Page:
Slice of Life: Read Aloud Communion

This morning, the line of fifth graders seemed to be on vibrate.

Fidgeting and talkative, students settled for moments of instruction, attempting bits of work, then the nervous energy seeps out dissolving any possible focus.

Ah, the end of elementary school.  Worry permeates their writing. Talk bubbles all around, and the drama rises.

I asked students to come to the carpet for read aloud, and a sense of calm takes over.  As we move into the world of the story, the shared reading experience shuts out stress. It offers an opportunity to take a break and live through another’s eyes.

Today before we read about Salva Dut’s first air flight, I ask my students how many of them had ever been on an airplane. Half of the class raise their hand.

With this in mind I said, “For those of you who have been on a flight before, hear Salva’s words and live this experience alongside him. Your memories will help you. For those of you who haven’t been on an airplane, you must work a little harder, let his words create the experience you haven’t had yet. Let the language move your body and mind to be there with him.”

Students close their eyes, and I read A Long Walk to Water:

Salva stared at the scene outside the small window. The world was so big, yet everything in it was so small. Huge forests and deserts became mere patches of green and brown. Cars crawled along the roads like ants in a line…It landed with an alarming thump, then breaked so hard that Salva was thrown forward in his seat; the strap across is stomach caught him hard.

I reread. Students write and draw in their notebooks.  Then they talk.

I’ve been pushing my students to fill gaps in knowledge by looking things up. I’ve reasoned with this approach to reading, students might understand literature at a deeper level and at the same time build knowledge of the world. Just like they might look up a word’s definition, they might google an image to help them understand a piece of text.

But there are times in books when we can’t do this. Google images can’t get readers to feel. For this, we must take in the author’s words, put our hearts into the character’s experience, and let the emotions rise inside.

When we experience a story together, we set our personal worries aside and let the words fill us up to venture into the emotional and physical world of our read aloud.

The opening of a book is communion.


Thank you, Two Writing Teachers for Slice of Life Tuesdays. Read more or contribute your own slice  slices here.

14 thoughts on “Slice of Life: Read Aloud Communion

  1. I have chills: “The opening of a book is communion.” What a gorgeous sentence that perfectly captures what I’ve always felt about read alouds too. I love how you say that Google images can’t help you feel a feeling. This post is exactly why I love being part of this TWT community and getting the chance to read what teachers like you have to say.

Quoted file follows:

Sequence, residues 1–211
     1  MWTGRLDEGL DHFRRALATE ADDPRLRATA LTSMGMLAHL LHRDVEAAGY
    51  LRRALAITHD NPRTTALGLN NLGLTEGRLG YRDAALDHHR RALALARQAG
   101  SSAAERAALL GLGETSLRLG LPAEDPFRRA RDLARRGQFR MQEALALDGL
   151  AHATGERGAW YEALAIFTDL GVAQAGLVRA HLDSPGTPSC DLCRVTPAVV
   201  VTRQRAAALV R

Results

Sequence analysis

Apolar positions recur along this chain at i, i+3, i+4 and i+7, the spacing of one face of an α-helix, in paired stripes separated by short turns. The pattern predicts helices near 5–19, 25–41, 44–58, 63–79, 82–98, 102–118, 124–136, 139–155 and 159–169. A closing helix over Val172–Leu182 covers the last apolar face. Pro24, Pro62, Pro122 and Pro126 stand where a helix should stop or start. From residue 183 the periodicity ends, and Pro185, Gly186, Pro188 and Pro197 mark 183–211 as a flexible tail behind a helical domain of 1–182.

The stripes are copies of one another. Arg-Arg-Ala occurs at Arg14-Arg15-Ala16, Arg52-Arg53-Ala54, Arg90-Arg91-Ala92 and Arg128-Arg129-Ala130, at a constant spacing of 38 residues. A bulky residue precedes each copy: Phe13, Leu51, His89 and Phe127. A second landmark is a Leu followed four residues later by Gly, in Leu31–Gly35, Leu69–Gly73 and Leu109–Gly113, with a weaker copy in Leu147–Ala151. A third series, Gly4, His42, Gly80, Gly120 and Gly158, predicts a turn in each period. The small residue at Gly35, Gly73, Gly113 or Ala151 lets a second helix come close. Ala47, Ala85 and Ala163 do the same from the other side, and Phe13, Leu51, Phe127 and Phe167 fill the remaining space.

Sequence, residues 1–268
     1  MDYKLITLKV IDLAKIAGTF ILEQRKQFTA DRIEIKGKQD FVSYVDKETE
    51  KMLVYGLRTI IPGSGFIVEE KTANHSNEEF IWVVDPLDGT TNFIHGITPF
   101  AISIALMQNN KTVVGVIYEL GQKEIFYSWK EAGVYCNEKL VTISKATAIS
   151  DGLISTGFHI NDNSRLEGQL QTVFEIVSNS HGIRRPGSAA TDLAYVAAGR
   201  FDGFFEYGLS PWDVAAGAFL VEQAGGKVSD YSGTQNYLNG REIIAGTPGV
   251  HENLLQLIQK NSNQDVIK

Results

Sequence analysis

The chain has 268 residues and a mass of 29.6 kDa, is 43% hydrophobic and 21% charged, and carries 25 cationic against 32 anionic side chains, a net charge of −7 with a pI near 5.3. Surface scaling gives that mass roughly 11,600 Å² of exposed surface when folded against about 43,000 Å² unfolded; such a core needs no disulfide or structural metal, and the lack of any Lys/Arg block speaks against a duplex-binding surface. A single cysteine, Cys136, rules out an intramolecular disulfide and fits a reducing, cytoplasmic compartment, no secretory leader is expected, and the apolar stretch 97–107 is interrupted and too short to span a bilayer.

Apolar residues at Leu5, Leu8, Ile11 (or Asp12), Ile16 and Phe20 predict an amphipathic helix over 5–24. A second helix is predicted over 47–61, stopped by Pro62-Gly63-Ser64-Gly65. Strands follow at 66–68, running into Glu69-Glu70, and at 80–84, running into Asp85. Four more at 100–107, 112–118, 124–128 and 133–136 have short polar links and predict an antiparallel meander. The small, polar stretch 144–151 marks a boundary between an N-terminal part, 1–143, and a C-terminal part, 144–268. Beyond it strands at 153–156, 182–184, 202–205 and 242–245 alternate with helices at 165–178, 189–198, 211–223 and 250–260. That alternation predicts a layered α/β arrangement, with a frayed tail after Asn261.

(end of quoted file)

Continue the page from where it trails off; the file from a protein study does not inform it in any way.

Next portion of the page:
2. This is just lovely. Reading aloud isn’t just a means to quiet their minds and hearts but a means to deepen them as readers too. Kudos.

  3. Such a beautiful way to capture the magic. And it is magic. Those moments that bring us together in a common text. Enjoy these last few days. It gets harder and harder and then they’re gone.

  4. Julieanne,
    I was in fifth grade yesterday and saw the drama. Wow! what a great reminder for me.

    So important for kiddos to be “thinking” as they read. You are a master at creating the environment that entices students into a thinking world . . . not a passive world! THANKS!

  5. Reading aloud and sharing the story is a powerful way to community and learning what words can “be”. You’re described it beautifully, Julieanne.

  6. I love the way you describe the students at the beginning, the bundle of energy and how the reading brings a calmness to their active bodies, but yet their minds are fully engaged in the thinking required. Your final line is the bow on a perfect package.

  7. I know what you mean. You had the marvelous experience of magical read aloud, the words filling the room and the listeners.

  8. I love all of the things you’re doing to help your students build background they may not have. Yet, it is so hard to feel when we don’t have that prior knowledge.

  9. I love the way your kids responded to the read aloud – their calm shows that they have learned, from their year with you, that reading time is to be treasured, and held close.

  10. Love this, JulieAnne. I saw Ellin Keene do several demo lessons on how readers can build their schema as they read, and it was simple, yet fascinating. Talk to each other, reread, visualize, ask questions, and more talk, talk, talk.

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